I have a bird suet feeder cage that hangs on my sundeck. I hung the suet cage shortly after moving in five years ago from a board that sticks out past the roof. There are hooks conveniently hung around the perimeter, courtesy of a past resident.
My suet cage’s chain broke about a year ago, but I fixed that problem with some handy, dandy baling twine – the country woman’s answer to duct tape!
It was a black cage, a sturdy little unit, that I filled with store bought suet, and these birds pretty much eat me out of house and home in suet. I have robins, finches, blue jays, and woodpeckers who are frequent diners at the bird suet cage.
One day I came outside and noticed the suet cage lying on the grass. Darn thing. How could that baling twine break? I picked it up, noticed there was nothing wrong with the baling twine, and looped it back onto its hook.
It left me wondering how did that happen. One of the hungry birds must have really got that thing moving for the loop to slip off the hook. Or maybe it was just a really big bird and it pulled the cage off. This had never happened before, but there’s always a first time.
A couple of days later I came outside and noticed the bird suet cage was missing. I leaned over the sundeck, expecting to see it lying on the ground, but it was nowhere in sight. I wandered around the yard looking for it, but it still hasn’t turned up.
We have raccoons in the area, and my best guess is a raccoon got up on the roof, where its a small drop to the overhang board, and stole the suet feeder. It might have been the raccoon that knocked it to the ground a week ago, and didn’t go down to retrieve it that time. I still don’t think a raccoon would take a suet cage too far. Although its not heavy at all for a human, it would be somewhat awkward for a raccoon to try to move one too far away.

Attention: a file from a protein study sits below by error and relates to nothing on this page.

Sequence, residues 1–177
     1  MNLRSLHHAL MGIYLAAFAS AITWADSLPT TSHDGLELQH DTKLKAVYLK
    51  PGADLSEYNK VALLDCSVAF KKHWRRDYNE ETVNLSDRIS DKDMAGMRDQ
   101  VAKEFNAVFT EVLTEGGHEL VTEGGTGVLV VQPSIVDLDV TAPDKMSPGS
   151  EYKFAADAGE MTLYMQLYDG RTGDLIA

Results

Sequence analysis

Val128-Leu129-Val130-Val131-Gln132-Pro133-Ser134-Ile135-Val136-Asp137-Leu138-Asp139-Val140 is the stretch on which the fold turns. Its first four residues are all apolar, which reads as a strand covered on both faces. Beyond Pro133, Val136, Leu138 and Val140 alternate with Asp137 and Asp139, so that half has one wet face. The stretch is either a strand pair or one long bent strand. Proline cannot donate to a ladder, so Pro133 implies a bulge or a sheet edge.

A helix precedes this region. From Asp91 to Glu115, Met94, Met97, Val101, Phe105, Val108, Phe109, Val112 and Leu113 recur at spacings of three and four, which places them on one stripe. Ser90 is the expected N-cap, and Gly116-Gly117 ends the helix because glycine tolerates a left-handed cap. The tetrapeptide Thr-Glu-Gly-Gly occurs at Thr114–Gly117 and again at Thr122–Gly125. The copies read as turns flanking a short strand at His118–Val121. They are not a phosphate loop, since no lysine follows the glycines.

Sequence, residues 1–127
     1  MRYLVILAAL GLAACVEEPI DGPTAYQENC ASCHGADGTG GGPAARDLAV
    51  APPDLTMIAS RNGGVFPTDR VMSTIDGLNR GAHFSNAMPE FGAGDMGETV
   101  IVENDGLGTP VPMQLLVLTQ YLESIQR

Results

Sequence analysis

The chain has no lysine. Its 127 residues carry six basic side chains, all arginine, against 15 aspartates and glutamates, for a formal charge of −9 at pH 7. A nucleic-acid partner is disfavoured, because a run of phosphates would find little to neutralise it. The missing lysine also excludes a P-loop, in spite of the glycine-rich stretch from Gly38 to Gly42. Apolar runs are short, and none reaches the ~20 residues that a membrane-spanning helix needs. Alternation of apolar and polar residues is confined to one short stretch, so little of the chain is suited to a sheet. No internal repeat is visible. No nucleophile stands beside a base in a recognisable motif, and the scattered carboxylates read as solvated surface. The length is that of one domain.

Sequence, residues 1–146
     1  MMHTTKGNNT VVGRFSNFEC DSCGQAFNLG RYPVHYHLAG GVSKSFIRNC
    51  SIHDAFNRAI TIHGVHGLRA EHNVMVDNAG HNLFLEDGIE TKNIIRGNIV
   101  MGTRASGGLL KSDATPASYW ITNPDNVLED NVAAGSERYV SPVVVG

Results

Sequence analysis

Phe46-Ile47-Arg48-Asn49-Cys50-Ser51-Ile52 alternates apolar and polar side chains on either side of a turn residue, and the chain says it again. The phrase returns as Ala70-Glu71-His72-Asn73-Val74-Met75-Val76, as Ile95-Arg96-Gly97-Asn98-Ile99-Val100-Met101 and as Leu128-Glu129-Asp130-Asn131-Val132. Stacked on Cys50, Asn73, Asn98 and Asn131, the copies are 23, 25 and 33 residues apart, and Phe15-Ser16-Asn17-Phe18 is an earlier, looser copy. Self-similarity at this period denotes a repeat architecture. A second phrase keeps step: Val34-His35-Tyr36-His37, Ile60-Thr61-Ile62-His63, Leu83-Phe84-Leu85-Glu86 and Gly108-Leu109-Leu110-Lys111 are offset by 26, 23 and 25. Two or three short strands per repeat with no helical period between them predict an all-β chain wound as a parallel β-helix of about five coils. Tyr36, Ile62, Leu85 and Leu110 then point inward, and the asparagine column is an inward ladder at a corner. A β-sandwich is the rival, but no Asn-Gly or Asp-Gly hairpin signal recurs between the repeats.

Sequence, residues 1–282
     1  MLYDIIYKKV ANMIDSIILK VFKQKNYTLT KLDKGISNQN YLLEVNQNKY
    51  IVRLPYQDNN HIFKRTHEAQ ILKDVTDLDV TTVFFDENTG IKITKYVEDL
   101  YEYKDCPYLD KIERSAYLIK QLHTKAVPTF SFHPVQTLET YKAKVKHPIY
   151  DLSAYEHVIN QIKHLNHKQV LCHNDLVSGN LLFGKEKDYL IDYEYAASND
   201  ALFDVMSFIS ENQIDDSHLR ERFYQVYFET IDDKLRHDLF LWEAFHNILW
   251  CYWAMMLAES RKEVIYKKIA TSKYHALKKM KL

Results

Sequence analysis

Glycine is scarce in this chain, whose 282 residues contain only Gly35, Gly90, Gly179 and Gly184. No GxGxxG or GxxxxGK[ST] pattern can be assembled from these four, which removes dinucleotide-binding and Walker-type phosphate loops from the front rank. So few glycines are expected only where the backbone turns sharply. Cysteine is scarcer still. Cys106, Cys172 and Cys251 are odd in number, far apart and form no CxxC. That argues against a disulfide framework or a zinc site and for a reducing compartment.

I soon notice I have hungry birds swooping around my sundeck looking for the suet cage. I went grocery shopping at Walmart and picked up a new suet cage.
It’s a green one and appears to be a little flimsier than the sturdy black one, but it’s getting the job done.
To prepare against further disappearances, I have anchored the suet cage to a post, using – what else – baling twine!
The case of the mysterious disappearance of the bird suet cage. One of life’s unexplained mysteries!
And a little tip when it comes to buying suet, I like to buy a multi pack because it’s cheaper than buying the individual blocks, and this way I know I always have some on hand. Sometimes it seems like my feathered friends are eating me out of house and home in suet and I’m putting in a new cake every couple of days!
Another little tip – suet is sold for a buck each at the dollar store!
If you’re an Amazon shopper, see the below links. (Disclosure: these are affiliate links. If you click and make a purchase I’ll receive a small commission for the sale.)